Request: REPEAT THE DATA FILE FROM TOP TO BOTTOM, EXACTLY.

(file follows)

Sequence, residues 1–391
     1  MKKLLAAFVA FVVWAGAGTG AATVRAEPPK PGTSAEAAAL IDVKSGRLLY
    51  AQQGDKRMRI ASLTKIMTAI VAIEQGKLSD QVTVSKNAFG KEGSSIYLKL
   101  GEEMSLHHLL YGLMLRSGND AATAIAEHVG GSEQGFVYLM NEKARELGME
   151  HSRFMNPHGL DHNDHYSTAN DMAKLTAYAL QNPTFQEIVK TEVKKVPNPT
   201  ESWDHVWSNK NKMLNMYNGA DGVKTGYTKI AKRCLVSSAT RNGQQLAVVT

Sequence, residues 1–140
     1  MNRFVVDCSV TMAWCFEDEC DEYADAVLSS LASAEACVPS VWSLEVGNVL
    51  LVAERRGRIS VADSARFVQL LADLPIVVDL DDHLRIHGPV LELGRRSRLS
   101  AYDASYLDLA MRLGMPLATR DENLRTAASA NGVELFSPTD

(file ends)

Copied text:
Sequence, residues 1–391
     1  MKKLLAAFVA FVVWAGAGTG AATVRAEPPK PGTSAEAAAL IDVKSGRLLY
    51  AQQGDKRMRI ASLTKIMTAI VAIEQGKLSD QVTVSKNAFG KEGSSIYLKL
   101  GEEMSLHHLL YGLMLRSGND AATAIAEHVG GSEQGFVYLM NEKARELGME
   151  HSRFMNPHGL DHNDHYSTAN DMAKLTAYAL QNPTFQEIVK TEVKKVPNPT
   201  ESWDHVWSNK NKMLNMYNGA DGVKTGYTKI AKRCLVSSAT RNGQQLAVVT

Sequence, residues 1–140
     1  MNRFVVDCSV TMAWCFEDEC DEYADAVLSS LASAEACVPS VWSLEVGNVL
    51  LVAERRGRIS VADSARFVQL LADLPIVVDL DDHLRIHGPV LELGRRSRLS
   101  AYDASYLDLA MRLGMPLATR DENLRTAASA NGVELFSPTD